From apartheid to Palestine: Bill Proctor’s ILWU journey

Trade union retiree in Seattle talks with Clarence Thomas


William “Bill” Proctor was on the front lines of ILWU Local 10 rank-and-filers during the anti-apartheid struggle before transferring to Local 19 in the 1980s. As a winch operator, he personally refused to discharge South African cargo. He was a member of the Southern African Liberation Support Committee, the first rank-and-file labor organization of its kind. In the 1970s, a photo of Bill with Local 10 activists loading a container to be sent to freedom fighters in Southern Africa appeared in the ILWU Dispatcher Newspaper. The photo shows Bill holding his young son Max, who is now a longshore worker in Local 19 in Seattle.


Clarence Thomas: Were your parents International Longshore and Warehouse Union (ILWU) members?

Bill Proctor: I was born at Kaiser Hospital, Oakland, California, nine months after World War II ended, as were many of our generation. My mom and biological father separated and divorced before my fourth birthday. During the war, my mom was a Welder on the Oakland and Richmond dry docks, building Victory ships.

My grandparents were politically active and met in the IWW [Industrial Workers of the World] free speech campaign. Grandad was a member of the IWW free speech Flying Squad. Soapboxing was his thing; he had the gift of gab. I am only a continuation of IWW political doctrine in the flesh. My grandad’s book is Memoirs Of A Wobbly by H.E. McGuckin. It is, of course, out of print.

Roscoe “RQ” Proctor

Following the war, my mom, Virginia McGuckin, found work out of Local 6 ILWU Eastbay and wound up at the Colgate/Palmolive plant in Berkeley. It was at this worksite that my mother met Roscoe “RQ” Proctor, the man who became my father by proxy. At age 16, when I wanted to find a summer job, I needed a Social Security card, and when I applied, I entered my name as William Proctor; from then on, it is the only name I go by, as RQ was the only father I knew. I met RQ when I was almost six years old, and over time, I guess you could say, RQ and I bonded soon after, and I learned lessons from him about many things, most importantly, the importance of the struggle to end racism.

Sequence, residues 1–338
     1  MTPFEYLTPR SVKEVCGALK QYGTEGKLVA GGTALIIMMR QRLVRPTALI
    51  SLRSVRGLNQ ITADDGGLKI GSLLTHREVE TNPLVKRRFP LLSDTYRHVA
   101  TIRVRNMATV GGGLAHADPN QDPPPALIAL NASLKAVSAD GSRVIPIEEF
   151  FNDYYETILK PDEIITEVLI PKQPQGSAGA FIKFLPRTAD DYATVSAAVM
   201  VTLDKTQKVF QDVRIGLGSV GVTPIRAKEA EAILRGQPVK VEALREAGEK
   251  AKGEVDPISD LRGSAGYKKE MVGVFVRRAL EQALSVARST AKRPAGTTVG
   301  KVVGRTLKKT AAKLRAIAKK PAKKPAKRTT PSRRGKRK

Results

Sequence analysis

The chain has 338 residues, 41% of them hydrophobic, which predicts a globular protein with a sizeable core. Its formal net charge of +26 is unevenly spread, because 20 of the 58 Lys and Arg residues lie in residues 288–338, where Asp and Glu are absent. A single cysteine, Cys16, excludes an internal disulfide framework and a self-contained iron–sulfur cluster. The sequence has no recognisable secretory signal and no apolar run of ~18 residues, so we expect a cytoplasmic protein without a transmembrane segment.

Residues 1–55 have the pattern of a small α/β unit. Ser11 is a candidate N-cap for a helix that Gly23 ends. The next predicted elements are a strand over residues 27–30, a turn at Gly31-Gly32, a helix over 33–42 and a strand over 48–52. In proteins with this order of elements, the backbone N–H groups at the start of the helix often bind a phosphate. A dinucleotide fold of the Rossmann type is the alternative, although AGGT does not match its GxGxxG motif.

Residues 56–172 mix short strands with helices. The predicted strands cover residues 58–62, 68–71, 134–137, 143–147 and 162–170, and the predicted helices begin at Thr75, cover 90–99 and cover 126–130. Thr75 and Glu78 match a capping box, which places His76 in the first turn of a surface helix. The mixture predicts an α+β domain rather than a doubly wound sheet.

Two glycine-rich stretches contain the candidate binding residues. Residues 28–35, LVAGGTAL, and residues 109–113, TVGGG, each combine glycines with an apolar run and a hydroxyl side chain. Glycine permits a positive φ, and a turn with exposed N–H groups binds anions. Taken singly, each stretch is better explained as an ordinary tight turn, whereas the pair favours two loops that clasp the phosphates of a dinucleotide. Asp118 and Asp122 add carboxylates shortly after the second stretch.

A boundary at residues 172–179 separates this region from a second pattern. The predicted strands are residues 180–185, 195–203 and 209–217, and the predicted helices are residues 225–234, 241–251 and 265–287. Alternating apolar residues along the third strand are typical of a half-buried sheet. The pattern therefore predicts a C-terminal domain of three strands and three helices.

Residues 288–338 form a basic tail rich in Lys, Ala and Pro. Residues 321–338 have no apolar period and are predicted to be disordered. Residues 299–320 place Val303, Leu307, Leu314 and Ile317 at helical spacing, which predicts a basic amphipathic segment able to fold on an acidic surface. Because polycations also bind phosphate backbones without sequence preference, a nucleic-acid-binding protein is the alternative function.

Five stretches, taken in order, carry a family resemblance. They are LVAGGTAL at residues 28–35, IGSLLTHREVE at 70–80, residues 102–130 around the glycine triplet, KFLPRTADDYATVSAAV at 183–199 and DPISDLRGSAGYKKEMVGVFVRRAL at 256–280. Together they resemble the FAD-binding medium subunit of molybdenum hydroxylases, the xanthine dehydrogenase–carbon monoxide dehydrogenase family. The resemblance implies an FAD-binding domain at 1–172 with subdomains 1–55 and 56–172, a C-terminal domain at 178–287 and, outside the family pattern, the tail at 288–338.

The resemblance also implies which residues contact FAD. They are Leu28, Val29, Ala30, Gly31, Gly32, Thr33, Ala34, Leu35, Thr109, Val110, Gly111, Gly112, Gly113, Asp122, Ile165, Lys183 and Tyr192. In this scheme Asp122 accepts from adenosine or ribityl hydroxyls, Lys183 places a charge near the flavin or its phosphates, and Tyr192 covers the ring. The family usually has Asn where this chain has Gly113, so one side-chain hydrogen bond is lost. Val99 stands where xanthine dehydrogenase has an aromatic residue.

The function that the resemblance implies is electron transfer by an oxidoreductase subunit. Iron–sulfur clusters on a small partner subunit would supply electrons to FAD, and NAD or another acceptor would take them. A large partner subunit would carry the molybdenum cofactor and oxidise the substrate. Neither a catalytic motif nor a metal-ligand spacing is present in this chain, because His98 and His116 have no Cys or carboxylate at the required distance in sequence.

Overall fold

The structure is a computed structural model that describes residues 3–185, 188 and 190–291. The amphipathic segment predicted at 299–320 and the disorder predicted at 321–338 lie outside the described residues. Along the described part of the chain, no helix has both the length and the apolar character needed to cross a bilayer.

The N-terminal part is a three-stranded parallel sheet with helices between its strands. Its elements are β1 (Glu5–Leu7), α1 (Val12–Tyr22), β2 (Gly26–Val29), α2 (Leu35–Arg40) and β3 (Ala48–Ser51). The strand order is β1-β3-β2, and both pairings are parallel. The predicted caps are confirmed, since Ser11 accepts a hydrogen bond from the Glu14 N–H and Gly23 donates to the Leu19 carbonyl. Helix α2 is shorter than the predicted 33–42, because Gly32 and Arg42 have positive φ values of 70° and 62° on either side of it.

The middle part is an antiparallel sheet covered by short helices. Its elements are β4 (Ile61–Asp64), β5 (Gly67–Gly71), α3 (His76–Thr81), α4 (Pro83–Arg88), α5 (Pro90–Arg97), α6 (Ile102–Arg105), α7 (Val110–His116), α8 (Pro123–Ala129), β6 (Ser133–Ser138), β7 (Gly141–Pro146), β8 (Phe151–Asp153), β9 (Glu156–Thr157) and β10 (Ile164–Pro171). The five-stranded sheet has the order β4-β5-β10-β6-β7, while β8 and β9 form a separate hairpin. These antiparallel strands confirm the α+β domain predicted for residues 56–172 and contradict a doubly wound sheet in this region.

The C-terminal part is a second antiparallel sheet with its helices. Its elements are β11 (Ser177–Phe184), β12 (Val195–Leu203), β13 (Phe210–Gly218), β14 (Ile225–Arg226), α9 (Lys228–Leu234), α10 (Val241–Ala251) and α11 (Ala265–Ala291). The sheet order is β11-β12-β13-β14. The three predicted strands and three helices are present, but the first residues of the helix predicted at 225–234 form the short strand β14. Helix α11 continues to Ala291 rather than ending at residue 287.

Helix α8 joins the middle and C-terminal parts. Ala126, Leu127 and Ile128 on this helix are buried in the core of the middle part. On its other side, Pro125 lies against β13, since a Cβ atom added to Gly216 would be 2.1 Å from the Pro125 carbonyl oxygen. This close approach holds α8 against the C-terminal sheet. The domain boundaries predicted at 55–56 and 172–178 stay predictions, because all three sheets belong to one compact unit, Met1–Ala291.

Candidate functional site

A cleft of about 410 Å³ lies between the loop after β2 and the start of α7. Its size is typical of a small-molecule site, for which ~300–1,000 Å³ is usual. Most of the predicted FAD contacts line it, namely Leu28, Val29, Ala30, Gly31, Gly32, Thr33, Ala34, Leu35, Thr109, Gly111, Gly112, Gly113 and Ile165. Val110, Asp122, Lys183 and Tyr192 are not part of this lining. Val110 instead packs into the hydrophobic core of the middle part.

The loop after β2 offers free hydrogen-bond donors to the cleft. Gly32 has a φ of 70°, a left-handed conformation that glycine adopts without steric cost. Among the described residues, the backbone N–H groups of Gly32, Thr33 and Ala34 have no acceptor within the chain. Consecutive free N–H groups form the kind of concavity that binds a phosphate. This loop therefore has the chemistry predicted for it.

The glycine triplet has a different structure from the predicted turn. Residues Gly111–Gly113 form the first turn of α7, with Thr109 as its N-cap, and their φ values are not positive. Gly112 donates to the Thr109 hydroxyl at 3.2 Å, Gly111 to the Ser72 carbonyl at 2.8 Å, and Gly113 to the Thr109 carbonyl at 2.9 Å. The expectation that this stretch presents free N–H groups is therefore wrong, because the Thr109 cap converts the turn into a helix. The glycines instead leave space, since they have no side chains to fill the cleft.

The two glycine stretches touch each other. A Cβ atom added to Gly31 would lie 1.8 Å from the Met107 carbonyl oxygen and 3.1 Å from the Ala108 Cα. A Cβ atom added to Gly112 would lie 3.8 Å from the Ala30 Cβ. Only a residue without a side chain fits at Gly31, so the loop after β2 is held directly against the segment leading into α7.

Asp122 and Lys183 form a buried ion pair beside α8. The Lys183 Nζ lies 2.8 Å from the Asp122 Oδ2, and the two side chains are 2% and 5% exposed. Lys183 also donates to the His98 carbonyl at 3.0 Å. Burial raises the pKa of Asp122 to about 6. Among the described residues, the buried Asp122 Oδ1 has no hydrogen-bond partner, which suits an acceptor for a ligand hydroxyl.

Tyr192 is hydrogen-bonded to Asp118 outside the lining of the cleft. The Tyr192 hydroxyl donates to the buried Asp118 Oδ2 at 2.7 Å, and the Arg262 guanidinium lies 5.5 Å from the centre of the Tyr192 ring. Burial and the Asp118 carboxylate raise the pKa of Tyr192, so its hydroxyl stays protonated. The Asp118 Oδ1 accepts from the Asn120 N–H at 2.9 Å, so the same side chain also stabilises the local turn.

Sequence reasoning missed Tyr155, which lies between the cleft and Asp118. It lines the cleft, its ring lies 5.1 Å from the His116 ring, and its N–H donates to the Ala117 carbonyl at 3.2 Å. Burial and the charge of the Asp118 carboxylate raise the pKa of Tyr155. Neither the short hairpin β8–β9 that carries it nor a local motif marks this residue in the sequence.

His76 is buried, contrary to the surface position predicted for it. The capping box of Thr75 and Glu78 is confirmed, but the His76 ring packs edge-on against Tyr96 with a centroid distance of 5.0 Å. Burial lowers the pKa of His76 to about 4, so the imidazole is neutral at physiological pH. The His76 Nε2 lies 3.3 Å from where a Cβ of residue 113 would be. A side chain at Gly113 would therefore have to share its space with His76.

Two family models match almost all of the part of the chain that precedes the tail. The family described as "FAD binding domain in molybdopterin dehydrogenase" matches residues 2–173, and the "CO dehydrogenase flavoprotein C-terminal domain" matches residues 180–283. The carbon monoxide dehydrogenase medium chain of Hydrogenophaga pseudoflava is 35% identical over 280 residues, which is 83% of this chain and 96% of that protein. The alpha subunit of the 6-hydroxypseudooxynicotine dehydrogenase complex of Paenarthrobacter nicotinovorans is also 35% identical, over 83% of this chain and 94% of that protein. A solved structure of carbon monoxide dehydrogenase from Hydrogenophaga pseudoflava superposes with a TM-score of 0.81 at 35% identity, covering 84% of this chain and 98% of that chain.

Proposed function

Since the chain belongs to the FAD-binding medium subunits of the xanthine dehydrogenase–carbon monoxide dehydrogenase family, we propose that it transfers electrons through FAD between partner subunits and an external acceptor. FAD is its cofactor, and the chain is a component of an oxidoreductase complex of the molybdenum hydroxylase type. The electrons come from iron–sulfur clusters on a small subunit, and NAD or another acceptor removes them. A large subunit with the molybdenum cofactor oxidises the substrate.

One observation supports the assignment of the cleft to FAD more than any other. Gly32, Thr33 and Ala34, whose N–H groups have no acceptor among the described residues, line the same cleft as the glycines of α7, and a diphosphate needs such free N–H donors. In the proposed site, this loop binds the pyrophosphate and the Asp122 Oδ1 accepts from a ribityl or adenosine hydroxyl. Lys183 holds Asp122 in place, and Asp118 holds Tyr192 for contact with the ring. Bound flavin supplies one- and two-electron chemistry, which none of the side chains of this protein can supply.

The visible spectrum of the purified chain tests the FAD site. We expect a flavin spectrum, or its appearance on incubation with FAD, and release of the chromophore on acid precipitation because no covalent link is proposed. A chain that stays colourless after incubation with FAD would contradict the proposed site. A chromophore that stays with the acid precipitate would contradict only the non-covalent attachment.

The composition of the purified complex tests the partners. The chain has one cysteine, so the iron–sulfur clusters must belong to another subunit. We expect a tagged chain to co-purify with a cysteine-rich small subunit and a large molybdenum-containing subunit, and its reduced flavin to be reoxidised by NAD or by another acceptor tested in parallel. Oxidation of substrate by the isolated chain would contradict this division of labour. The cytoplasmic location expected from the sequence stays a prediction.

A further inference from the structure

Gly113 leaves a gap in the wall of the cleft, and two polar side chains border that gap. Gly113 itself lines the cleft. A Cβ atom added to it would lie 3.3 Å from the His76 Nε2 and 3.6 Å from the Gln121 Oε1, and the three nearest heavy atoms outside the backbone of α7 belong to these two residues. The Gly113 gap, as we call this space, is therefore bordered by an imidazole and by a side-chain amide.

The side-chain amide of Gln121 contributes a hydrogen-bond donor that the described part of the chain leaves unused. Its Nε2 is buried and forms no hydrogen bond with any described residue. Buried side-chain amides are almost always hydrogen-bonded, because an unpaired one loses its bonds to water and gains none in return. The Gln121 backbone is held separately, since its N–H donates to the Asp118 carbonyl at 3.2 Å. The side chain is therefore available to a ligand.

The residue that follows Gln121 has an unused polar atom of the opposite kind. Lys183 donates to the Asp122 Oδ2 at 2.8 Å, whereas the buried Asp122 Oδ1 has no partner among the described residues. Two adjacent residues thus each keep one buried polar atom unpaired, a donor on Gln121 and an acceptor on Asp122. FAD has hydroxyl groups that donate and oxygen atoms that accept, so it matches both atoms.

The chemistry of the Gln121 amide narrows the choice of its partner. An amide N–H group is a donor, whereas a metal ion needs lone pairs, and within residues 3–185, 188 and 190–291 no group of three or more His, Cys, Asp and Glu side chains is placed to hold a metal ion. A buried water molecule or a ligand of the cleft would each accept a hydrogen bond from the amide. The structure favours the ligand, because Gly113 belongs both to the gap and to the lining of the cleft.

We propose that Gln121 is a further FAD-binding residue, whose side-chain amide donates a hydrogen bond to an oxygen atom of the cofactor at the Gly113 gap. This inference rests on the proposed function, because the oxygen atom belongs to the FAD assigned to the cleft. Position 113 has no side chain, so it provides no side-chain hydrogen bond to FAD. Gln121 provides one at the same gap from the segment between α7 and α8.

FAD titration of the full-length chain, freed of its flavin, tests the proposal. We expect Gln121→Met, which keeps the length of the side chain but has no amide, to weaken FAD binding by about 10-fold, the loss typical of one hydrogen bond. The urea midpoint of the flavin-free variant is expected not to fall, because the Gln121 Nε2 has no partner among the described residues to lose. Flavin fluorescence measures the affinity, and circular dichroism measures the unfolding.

We lived in West Oakland, and during that time, I attended Lafayette, Longfellow, and Durant elementary schools, went on to Hoover Jr. High, and in the middle of 7th grade, our family moved to South Berkeley.

During my formative preteen and teen years, I was part of a Red Diaper group of kids that circulated petitions to end the threat of nuclear war and to end school segregation at Housewives Market and Swan’s.

We were the kids of dyed-in-the-wool Communists. During the late 1950s and early 1960s, both of my folks were seated on the Central Committee CPUSA. My Dad, RQ, was indicted as an agent of a foreign power in the case of Albertson v. Subversive Activities Control Board in 1962 and acquitted by the Supreme Court in 1965. 

I cited Proctor vs. USA in my successful avoidance of the Selective Service draft to fight in Vietnam.

As my dad read Jet magazine, I would often try to sneak a peek at the centerfold Beauties. In 1955, I opened one of his Jet magazines, and while thumbing through, I came across a photo of Emmitt Till. I was traumatized when I saw my playmates in that picture. The image is burned into my brain to this day!

CT: When did you become a member of the ILWU? Which Local?

BP: In May 1967, I was one of 600 or so B-man hires at Local 10. I started and worked my first shift on June 6, 1967. [B men get the dirtiest and heaviest jobs.]

CT: My waterfront career lasted 42 plus years, and I retired on Oct. 1, 2009, from the Port of Seattle. My career was almost evenly split between San Francisco and Seattle.

CT: Are you active in the local? 

BP: Since retirement, I have been active with the Seattle Pension Club, PCPA. I am on the verge of leaving this Club as it is not at all interested in engaging in struggle; they are a fat and sassy bunch.

CT: Did you submit a resolution regarding the Palestinians to your pensioner’s club?

BP: Yes, I presented a Resolution that cited facts about civilian casualties, called for an end to the war on the Palestinian people by Zionist Israel, and an investigation of our pension funds for investments in Israeli stock, bonds, and securities, with an eye toward divestment. 

It was rejected by the “Fat and Sassy” members!  

CT: Did you attend the 39th ILWU Convention in Vancouver?

BP: I did not attend the 39th convention.

CT: How has the rank-and-file changed over the years, social justice issues?

BP: For the last 30 years or so, I see the union slowly moving to the right politically as the power base of the longshore division shifted from San Francisco south to Los Angeles and Long Beach, where the lion’s share of West Coast cargo comes in at Southern Cal.

Los Angeles has never been as radical politically as the Bay Area. In fact, it is quite conservative.

CT: What direction do you see the ILWU going and why?

BP: I truly do not have any idea where the union is headed. I just know it is not the same union it was when I entered the industry. When I consider our union stance on various social issues, I see that the union is losing its perspective.

Peace Out!

Clarence Thomas participated in the 39th Convention of the International Longshore and Warehouse Union (ILWU) held in Vancouver, B.C., as a fraternal delegate representing the ILWU Pacific Coast Pensioners Association (PCPA).

The photo of Bill Proctor with the Southern Africa Liberation Support Committee is from Thomas’ book “Mobilizing in Our Own Name, Million Worker March.” The book is available at


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